The Path to a Clean Lake Champlain is Still Unclear | Conservation Law Foundation

The Path to a Clean Lake Champlain is Still Unclear

Rebekah Weber

While there’s still a long road ahead, CLF is cautiously optimistic about the Environmental Protection Agency’s (EPA) new pollution limits for Lake Champlain. These new limits – also known as a Total Maximum Daily Load or TMDL – dramatically reduce the amount of pollution allowed to enter the lake. The limits focus specifically on phosphorus pollution as the main culprit fueling the toxic blue-green algae blooms plaguing Lake Champlain.

The phosphorus reductions required by these new limits are a real departure from the status quo. They are, perhaps, the most forward-looking pollution limits the EPA has ever established. Farms in Missisquoi Bay are expected to cut their phosphorus pollution by 83 percent while development must lower its contribution by 21 percent.

These new limits come in response to a CLF challenge to limits set back in 2002, which still allowed too much phosphorus to enter the lake with no reasonable plan for slowing it down. This time around, EPA has taken Lake Champlain’s sad decline to heart by setting stringent phosphorus limits across the board, impacting how we treat our sewage, how we develop our land, and how we farm.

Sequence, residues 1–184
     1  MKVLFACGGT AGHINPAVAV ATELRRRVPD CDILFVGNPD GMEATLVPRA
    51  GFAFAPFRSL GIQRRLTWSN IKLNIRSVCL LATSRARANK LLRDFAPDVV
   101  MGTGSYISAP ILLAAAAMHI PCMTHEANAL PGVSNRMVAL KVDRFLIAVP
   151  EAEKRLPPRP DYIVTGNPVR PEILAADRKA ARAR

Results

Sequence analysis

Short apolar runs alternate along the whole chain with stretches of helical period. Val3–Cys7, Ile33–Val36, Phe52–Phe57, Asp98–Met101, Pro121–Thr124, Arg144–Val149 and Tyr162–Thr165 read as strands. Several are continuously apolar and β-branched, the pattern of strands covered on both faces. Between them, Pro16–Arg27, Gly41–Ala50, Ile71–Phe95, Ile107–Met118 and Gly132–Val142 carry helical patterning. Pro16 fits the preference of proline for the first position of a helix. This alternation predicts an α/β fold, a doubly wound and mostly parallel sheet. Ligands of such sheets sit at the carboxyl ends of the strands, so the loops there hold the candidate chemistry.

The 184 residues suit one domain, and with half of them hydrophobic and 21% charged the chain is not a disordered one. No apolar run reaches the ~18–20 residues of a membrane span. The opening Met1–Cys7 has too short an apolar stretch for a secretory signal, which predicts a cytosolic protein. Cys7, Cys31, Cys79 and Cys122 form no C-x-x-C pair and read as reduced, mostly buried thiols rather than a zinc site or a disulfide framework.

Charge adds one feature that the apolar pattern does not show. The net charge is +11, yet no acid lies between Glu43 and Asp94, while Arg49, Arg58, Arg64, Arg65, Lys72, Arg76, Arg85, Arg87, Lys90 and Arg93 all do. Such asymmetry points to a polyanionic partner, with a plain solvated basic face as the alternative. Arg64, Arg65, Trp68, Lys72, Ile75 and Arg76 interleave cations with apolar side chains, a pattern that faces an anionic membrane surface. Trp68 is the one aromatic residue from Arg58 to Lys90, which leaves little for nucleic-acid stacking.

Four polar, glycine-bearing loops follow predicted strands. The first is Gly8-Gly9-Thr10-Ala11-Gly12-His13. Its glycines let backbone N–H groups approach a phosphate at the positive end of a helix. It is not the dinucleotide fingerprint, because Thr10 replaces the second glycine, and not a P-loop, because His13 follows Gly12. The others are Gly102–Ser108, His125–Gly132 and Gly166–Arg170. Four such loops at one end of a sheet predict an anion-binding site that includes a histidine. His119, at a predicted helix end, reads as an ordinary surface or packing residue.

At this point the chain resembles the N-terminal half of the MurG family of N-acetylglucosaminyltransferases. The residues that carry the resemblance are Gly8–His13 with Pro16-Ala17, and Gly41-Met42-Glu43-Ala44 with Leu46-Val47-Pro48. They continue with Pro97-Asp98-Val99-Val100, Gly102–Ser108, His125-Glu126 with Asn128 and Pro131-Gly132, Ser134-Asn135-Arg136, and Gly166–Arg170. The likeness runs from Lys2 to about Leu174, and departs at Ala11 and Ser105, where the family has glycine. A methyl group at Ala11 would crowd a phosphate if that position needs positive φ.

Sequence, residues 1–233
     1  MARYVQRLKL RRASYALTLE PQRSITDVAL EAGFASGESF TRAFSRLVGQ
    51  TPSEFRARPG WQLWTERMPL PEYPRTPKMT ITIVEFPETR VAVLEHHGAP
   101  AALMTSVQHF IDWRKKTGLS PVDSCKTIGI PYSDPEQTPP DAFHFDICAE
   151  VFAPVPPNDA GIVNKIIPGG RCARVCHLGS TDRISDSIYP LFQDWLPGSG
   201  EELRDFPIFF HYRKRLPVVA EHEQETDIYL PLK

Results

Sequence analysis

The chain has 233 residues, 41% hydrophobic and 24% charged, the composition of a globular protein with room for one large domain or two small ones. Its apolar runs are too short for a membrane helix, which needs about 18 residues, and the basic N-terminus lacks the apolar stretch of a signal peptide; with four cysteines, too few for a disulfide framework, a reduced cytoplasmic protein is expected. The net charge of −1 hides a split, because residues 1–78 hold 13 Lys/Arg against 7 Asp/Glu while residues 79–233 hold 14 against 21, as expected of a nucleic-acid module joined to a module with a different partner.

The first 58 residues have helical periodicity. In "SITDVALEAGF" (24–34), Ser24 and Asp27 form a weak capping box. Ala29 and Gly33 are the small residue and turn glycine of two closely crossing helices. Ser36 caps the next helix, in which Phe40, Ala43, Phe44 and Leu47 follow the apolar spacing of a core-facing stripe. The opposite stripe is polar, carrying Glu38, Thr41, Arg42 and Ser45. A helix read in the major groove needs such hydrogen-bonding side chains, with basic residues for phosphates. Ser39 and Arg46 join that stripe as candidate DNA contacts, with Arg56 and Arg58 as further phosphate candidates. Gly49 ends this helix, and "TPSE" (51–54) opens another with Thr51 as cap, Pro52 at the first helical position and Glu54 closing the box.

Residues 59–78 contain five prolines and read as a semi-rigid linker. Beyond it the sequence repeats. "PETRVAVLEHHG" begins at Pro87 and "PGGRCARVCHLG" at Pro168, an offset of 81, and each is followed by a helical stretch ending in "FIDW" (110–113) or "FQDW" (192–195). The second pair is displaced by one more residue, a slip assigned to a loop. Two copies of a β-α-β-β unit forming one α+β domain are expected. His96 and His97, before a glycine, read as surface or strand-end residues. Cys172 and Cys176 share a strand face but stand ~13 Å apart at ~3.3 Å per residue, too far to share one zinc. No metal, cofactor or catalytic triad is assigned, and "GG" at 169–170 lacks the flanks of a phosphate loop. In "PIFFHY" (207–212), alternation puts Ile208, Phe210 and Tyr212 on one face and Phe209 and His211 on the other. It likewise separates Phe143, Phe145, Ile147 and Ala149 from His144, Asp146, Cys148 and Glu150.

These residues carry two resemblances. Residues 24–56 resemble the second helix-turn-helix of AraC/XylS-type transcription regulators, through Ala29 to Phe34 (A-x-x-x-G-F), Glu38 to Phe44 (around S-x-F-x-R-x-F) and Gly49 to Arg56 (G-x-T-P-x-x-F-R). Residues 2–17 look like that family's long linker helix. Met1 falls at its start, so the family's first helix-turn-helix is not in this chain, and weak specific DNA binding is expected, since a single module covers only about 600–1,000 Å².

CLF acknowledges the new TMDL is an important step forward, but we also recognize the significant challenges Vermont must overcome to cut its phosphorus pollution to reach these new limits.

EPA Set Sweeping New Phosphorus Limits – Now It’s Up to the State to Implement Them

Despite a new state law to ratchet down phosphorus pollution, the rules and permits being developed to enforce the law do not confront the way our dairy farms operate today. Vermont’s dairy industry is following national trends and moving toward corn-based, larger-herd farms that pump phosphorus-laden fertilizers and manure into our waterways. Nor does the law make a dent in the vast network of parking lots and rooftops that funnel phosphorus and other pollutants directly into nearby streams.

To make sure needed regulations are stringent enough to meet the EPA’s required limits, Vermont is developing a new tool to track phosphorus reductions. But the time needed to make progress in cutting pollution coming from agriculture and development – coupled with additional time needed to course-correct from any insufficient regulations – could add unacceptable delay to the already-long timeframe for reducing phosphorus from these sources.

Over the upcoming months and years, CLF will be keeping a close eye on Vermont’s plans to implement the TMDL and will be making sure immediate controls are put in place to lower the amount of phosphorus entering the lake.

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